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Understanding the nature of the long--range memory phenomenon in socio-economic systems

Rytis Kazakevicius, Aleksejus Kononovicius, Bronislovas Kaulakys, Vygintas Gontis

posted on 06 August 2021

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In the face of the upcoming 30th anniversary of econophysics, we review our contributions and other related works on the modeling of the long-range memory phenomenon in physical, economic, and other social complex systems. Our group has shown that the long-range memory phenomenon can be reproduced using various Markov processes, such as point processes, stochastic differential equations and agent-based models. Reproduced well enough to match other statistical properties of the financial markets, such as return and trading activity distributions and first-passage time distributions. Research has lead us to question whether the observed long-range memory is a result of actual long-range memory process or just a consequence of non-linearity of Markov processes. As our most recent result we discuss the long-range memory of the order flow data in the financial markets and other social systems from the perspective of the fractional Lèvy stable motion. We test widely used long-range memory estimators on discrete fractional Lèvy stable motion represented by the ARFIMA sample series. Our newly obtained results seem indicate that new estimators of self-similarity and long-range memory for analyzing systems with non-Gaussian distributions have to be developed.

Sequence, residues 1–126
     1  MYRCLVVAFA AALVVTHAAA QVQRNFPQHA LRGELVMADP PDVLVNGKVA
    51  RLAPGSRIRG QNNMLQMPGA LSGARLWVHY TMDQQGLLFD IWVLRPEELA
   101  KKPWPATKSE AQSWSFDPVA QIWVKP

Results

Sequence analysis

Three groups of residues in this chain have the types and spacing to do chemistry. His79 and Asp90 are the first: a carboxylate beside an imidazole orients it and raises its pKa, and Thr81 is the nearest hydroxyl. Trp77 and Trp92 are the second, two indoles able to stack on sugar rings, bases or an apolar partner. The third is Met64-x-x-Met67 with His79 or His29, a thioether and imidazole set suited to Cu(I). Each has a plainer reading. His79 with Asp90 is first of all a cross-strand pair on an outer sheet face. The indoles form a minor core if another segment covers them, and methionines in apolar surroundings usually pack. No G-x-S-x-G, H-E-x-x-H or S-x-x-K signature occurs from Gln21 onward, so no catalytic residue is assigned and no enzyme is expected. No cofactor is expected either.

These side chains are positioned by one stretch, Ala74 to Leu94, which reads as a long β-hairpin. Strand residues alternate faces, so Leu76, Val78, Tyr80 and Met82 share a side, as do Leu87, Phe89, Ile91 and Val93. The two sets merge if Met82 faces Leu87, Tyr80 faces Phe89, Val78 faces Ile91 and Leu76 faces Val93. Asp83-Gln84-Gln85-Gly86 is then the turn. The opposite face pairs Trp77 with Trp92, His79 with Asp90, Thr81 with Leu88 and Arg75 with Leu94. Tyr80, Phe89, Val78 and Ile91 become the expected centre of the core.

Discussion

This manuscript analyzes our groups of Vilnius university's 20 years of contribution to the development of Econophysics. We provide an overview of our approach to understanding and modeling the long-range memory phenomenon in financial markets and other complex systems and share our most recent result.

Though the financial markets provide us with a vast amount of empirical data, the best model selection is still a big challenge for researchers. The widely used long-range memory and self-similarity estimators give varying values of the parameters as these estimators themselves are developed for the specific models of time series.

The proposed manuscript is based on Time-series and signals analysis; discrete, stochastic dynamics; Fractional dynamics. We seek to interpret the general properties of scaling in socio-economic systems that might value the broad interdisciplinary research community.